MAS names sustainability head; Malaysia’s EPF appoints COO and CFO; GIC PE head for SEA leaves; State Super hires new exec; Hesta appoints chief growth officer, chief Debby Blakey appointed to corporate governance board; ex-BlackRock exec joins IQ-EQ in Singapore; HSBC AM builds direct real estate team; ex-Vanguard head of distribution joins LGIM; Sanne names Singapore head; and more
Commodities funds were the worst performers, posting an average loss of 9.93% last month. Such portfolios suffered sharp draw downs because many natural resources prices collapsed in July. Crude oil futures plunged 11.4% on reports of declining consumption in the US and Asia as well as OPEC increasing exploration and Brazil resuming production. News that the US and Iran had engaged in dialogue over the latterÆs nuclear energy program eased the geopolitical tension in the Middle East and further drove down crude oil prices.
Equity funds posted an average loss of 2.58% last month, mainly due to heavy losses suffered by portfolios that invest in gold and precious metals and natural resources, which posted average losses of 15.27% and 7.9%, respectively. Only portfolios that invest in emerging markets Far East (+8.25%), pharmaceuticals and health (+5.45%), banks and financials (+0.79%), and China (+0.33%) reported gains for the month.
HLG Vietnam posted a return of 8.25% last month, outperforming all other equity funds in July. It was followed by HLG Global Healthcare (+5.45%) and two equity China funds û ING China Access (+3.39%) and OSK-UOB Big Cap China Enterprises (+2.67%).
ôChina equity funds were supported by better-than-expected second quarter bank earnings in the mainland and by the Beijing Summer Olympic Games,ö says EricWong, LipperÆs Hong Kong-based head of research. ôHowever, a government report showing the countryÆs GDP growth decelerating to 10.1% in the second quarter restricted their intra-month gains.ö
The worst performing equities funds last month were AmPrecious Metals (-15.27%), OSK-UOB Resources (-7.90%), and PRUglobal basics (-10.63%).
Bond funds posted an average loss of 0.46% in July. The three best performing bond funds in July were: RHB Islamic Bond (+1.90%), RHB Asian Total Return (+0.89%),
and AUTN Bond (+0.75%). The three worst performing bond funds were Avenue
IncomeEXTRA (-10.50%), Avenue BondEXTRA (-8.96%), and AmanahRaya Unit Trust (-4.66%).
Islamic funds, meanwhile, posted an average loss of 2.16% last month.
With the US corporate earnings reporting season closing, market attention is no now returning to the economy, Wong says. The latest reports on economic parameters such as GDP growth, manufacturing and service industry activities, retail sales, and unemployment rates continue to depict a withering global economy with no signs of bottoming out. Inflation has yet to retreat from the governmentÆs target in many countries, rendering their central banks reluctant to lower interest rates to revive their economies. Property markets are still lacklustre in many countries, with weak home sales and non-abating property foreclosures.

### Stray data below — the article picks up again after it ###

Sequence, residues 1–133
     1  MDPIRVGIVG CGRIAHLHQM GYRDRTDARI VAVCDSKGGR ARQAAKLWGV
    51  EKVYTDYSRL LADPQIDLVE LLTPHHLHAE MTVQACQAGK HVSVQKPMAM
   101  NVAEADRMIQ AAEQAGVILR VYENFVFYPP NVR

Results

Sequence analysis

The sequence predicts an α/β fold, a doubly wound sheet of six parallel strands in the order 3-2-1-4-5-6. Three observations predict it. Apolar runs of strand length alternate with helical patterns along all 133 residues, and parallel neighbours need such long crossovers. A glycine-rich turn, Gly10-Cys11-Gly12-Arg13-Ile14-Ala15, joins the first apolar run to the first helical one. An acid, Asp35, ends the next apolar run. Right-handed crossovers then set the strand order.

Looking at the bright side, Wong notes that an opportunity has recently emerged for the global economy to end its contraction and for corporate earnings to resume growth. Crude oil prices have retreated sharply from a record-high of $147.27 per barrel in mid-July. Also, corn and soybean prices have slid 36% and 25%, respectively, since the beginning of July.
ôFalling food and energy prices will ease inflationary pressures in many countries, allowing central banks to resume lowering interest rates,ö Wong says. ôLower interest rates should trigger more families to refinance their mortgage loans and reduce property foreclosures, which can stabilize the property market and reduce the risk of a credit crunch in the financial markets.
On the local front, many Malaysian companies are scheduled to release their quarterly earnings in the coming weeks, which may trigger some sparkle in the financial market, Wong says. However, lingering political uncertainty may nevertheless cause investors to remain cautious about investing in Malaysia, he notes.
The arrest of opposition leader Anwar Ibrahim in July triggered selling in the equity market. But his subsequent release restored some confidence. This is the second time such an accusation has been brought against him since 1998. The same charge 10 years ago was eventually struck down by Malaysia's Supreme Court, but only after Anwar served six years in prison on a related abuse of power charge.
Investors still favour private equity assets for their higher growth, better governance structures, and diversification potential.
The recent focus on greenwashing has put bond issues under greater scrutiny. However, some market participants believe this risks paralysis by analysis.
The AU$85 billion ($61.6 billion) Australian super fund has some exposure to indebted property developer Evergrande. Meanwhile, China’s construction finance is part of its core strategy in real estate.
Investors are seeing the risks, but also the opportunities of the logistics sector. Warehousing their fears for the moment, they can see it's a good conduit to high-growth assets.